possible, wears a jacket/coat, preferably not open.
Unfortunately all literature is in Swedish; only one or two books may – as far as I know – be
translated into English.
ARNÖ BERG, INGA & HAZELIUS BERG, GUNNEL; Folkdräkter och bygdedräkter från hela Sverige.
ICA bokförlag, Västerås 1975
BERG, GÖSTA; Svensk bondekultur, Bonnier, Stockholm 1971
BJURMAN, EVA LIS; Catrines intressanta blekhet: unga kvinnors möten med de nya kärlekskraven
1750-1830, B. Östlings bokförlag Symposion, Eslöv 1998
BONDESSON, LARS; Seder och bruk vid livets slut, Verbum, Stockholm 1987
BRINGÉUS, NILS-ARVID; Livets högtidsdagar, Carlsson, Stockholm 2007
CENTERGRAN, ULLA; Bygdedräkter, bruk och brukare, Etnologiska föreningen i Västsverige,
Göteborg 1996
GUSTAVSSON, ANDERS; Minnesdrickning vid begravning, Uppsala universitet, Uppsala 1980
HELLSPONG, MATS & LÖFGREN, ORVAR; Land och stad: svenska samhällen och livsformer från
medeltid till nutid, Gleerup, Malmö 1994
IGHE, ANN; I faderns ställe, department of Economic History at Göteborg University, Göteborg 2007
KNUTS, EVA; Något gammalt, något nytt: skapandet av bröllopsföreställningar: [en avhandling om
klänningar, ringar, smink, frisyrer, foton & mycket mer], Mara, Göteborg 2006
LIBY, HÅKAN; Kläderna gör upplänningen. Folkligt mode – tradition och trender. Uppland museum,
Uppsala 1997
LILJEWALL, BRITT; Bondevardag och samhällsförändring: studier i och kring västsvenska
bondedagböcker från 1800-talet, Department of History at Göteborg University,
Göteborg 1995
LUNDQVIST, PIA; Marknad på väg: den västgötska gårdfarihandeln 1790-1864, Department of
History at Göteborg University, Göteborg 2008
LÖFGREN, ANDERS PERSSON; A Few Stories from the Life of Anders Persson Löfgren, manuscript
deposited at Utah State Historical Society (Salt Lake City, Utah, USA), reference
number MSS A 5148, department of ”Manuscripts”
MORRIS, CHRISTINE; En mångsidig präst och hans äreminne, i Populär historia nr 1/1994.
NYLÉN, ANNA-MAJA, Folkdräkter ur Nordiska museets samlingar, Nordiska museet, Stockholm
NYLÉN, ANNA-MAJA, Som man är klädd blir man hädd, Institute of Ethnology at Nordiska museet
and Stockholm University, Stockholm 1978
PETTERSSON, LARS; Läs- och skrivkunnighet och jordbruksomvandling: om skånska bönder under
skiftenas tid, Department of Economic History at Lund University, Lund 1996
SVENSSON, SIGFRID, Bygd och yttervärld: studier över förhållandet mellan nyheter och tradition,
Nordiska museet, Stockholm 1979
SVENSSON, SIGFRID; Folkligt dräktsilver: ur Kulturens samlingar, ICA bokförlag, Västerås 1978
SVENSSON, SIGFRID; Folklig dräkt, Liber Läromedel, Lund 1974
SÖDERPALM, KRISTINA; Dödens riter, Carlssons, Stockholm 1994
WISTRAND, PER GUSTAF; Svenska folkdräkter: kulturhistoriska studier, Nordiska museet, Stockholm
CHURCH RECORDS (births & baptisms, banns & weddings, death & burial, household examinations,
migration) from above all the counties of Älvsborg, Malmöhus, Kristianstad,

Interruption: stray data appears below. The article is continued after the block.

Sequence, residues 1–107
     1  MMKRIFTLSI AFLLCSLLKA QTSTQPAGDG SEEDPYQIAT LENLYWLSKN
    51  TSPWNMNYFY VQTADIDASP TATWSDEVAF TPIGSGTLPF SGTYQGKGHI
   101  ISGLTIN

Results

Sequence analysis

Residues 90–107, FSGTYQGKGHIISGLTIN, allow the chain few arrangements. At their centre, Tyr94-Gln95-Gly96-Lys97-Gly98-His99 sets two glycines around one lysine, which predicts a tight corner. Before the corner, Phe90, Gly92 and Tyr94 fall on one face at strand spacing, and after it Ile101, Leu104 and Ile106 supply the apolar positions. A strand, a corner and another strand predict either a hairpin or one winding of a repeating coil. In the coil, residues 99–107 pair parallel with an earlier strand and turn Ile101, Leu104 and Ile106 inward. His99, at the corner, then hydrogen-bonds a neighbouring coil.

Värmland, Göteborgs & Bohus, Skaraborg, Jönköping and Kalmar.
SVENSKA AKADEMIENS ORDBOK (SAOB): the historic dictionary of the Swedish language
NATIONALENCYKLOPEDIN: the Swedish National Encyclopaedia
Rites of Passage in Sweden
Rites of Passage in Sweden describes the four greatest events in a
person’s life, what is usually termed rites of passage, with an
emphasis on the period of 1686 – 1914. In 1686 came the Church Law
that had such an influence on our ancestors’ lives and in 1914 the First
World War effectively ended a world that had been on its way out
since the 1870’s when Sweden was industrialised.
Rites of Passage comprises birth and baptism, confirmation and
becoming an adult, betrothal and wedding, and death and burial.
About the author:
Ingela Martenius was born in 1956
in Göteborg, Sweden’s second
biggest city and largest port, situated
on the Swedish west coast, where she
grew up. She studied law at Lund
University but abandoned her studies
two semesters short of her bar exam
since she found it to be more fun to
Airlines). The airline thought Ingela
would make an excellent programmer
/ systems analyst and sent her to
college and eventually to Stockholm
University to study computers. In
1997 she was made responsible for
all computer operations for all
Stockholm (the capital) but quit SAS
in 2003 to pursue studies in
ethnology at Göteborg University,
graduating with a Master of
Philosophy (M Phil) degree in the
spring of 2008. Two of Ingela’s
favourite pastimes are genealogy and
making Swedish national dresses.
A typical 18th century farm in northern Sweden; from Jamtli in Östersund
(Jämtland province). Photo Isabelle Falsen.
The picture shows Ingela wearing
a national dress from Bohuslän at the
May 17th celebrations (Norway’s
National Day) in 2007in Oslo.
An 18th century village on the west coast; Äskhult in Fjäre district (Halland
province). From left. Lena in a national dress from Fjäre, Ingela and Isabelle from
Bohuslän province. Photo Isabelle Falsen.